This volume contains the articles presented at the Constraint Grammar workshop on methods, tools and applications, co-located with the NoDaLiDa 2019 conference in Turku, held on 30 September 2019. This workshop series has been part of the NoDaLiDa conference since 2005, and is the eight in the row, thereby emphasizing the Nordic roots of Constraint Grammar.
True to its tradition, the workshop may be characterised along two thematic lines: The development of constraint grammars analysing individual languages or specific aspects of their grammar, and presentations and discussions on practical language technology tools where CG is the key component. Moreover the workshop also contained two more general papers, dealing with theoretical issues relevant to any language.
As for the first theme, these proceedings contain papers presenting CG grammars for Tibetan (Faggionato and Garret), Lithuanian (Jagiella), and Greenlandic (Molich). The one on Tibetan looks at verb valency for texts from different historical phases of the Tibetan literary language, whereas the one on Lithuanian presents the first version of a general disambiguator for the language. Molich’s paper on Greenlandic looks at a particularly vexing problem of Greenlandic grammar: The disambiguation of conjunctional and adverbial functions of enclitical particles. In addition to being central in determining the overall structure of the Greenlandic sentence at hand, they also affect the performance of current work on Greenlandic to Danish machine translation. A paper with a similar scope is Schmirler and Arppe’s presentation of a set of rules for dealing with negation in Plains Cree.
Relevant to the second theme are two papers on grammar checking: Aldezabal, Arriola and Estarrona present a grammar-helping tool for Basque, and Wiechetek, Moshagen, Gaup and Omma use the workshop to launch a brand-new grammar checker for North Saami. Grammar checking tools have a long tradition within CG, but these two presentations introduce grammar checking to languages with a much richer morphology than usual.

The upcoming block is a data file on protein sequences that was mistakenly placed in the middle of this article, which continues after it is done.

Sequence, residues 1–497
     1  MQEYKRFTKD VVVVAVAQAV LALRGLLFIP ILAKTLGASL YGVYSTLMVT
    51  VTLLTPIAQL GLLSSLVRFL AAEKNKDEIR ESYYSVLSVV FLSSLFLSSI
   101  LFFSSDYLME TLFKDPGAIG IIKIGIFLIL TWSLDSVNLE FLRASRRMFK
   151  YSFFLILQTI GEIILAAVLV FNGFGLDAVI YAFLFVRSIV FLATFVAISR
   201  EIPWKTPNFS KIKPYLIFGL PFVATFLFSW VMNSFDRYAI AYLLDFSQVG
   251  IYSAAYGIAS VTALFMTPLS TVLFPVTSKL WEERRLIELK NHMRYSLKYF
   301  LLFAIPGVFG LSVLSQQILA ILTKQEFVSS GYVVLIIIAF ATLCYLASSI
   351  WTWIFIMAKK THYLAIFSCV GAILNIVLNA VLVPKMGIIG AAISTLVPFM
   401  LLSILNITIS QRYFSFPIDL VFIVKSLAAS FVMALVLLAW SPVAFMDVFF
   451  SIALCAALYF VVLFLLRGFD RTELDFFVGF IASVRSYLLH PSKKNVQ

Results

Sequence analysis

The workshop also contains some more general papers. Bick’s “Tagging What Isn’t There” discusses methods for annotating information not explicitly present in the language under analysis (here: Danish). Being set in the context of an MT project from Danish to Greenlandic the paper could be seen under the two previous categories as well, but the approach is kept at a general level, using Danish as an example language.
The two last papers look at interaction between CG and different machine learning approaches. The paper by Yli-Jyrä shows that both CG and recursive neural networks have finite-state properties, and discusses the theoretical implications of this observation. Finally, the paper by Muischnek, Müürisep and Särg describe how CG is used to build gold standards for machine learning, by tagging the Estonian Universal Dependency corpus with CG.
As can be seen from the presentation, CG holds its position as the dominant framework for morphology-rich languages. Greenlandic, Plains Cree and North Saami all belong in the morphology-rich corner of the typological spectre, and the rest of the languages under scrutiny also possess more inflectional categories than the mainstream languages. Another characteristics of CG, its ability of providing analyses good enough to be used for practical applications, is also evident from the list of contributions.
On behalf of the workshop organizers
Eckhard Bick & Trond Trosterud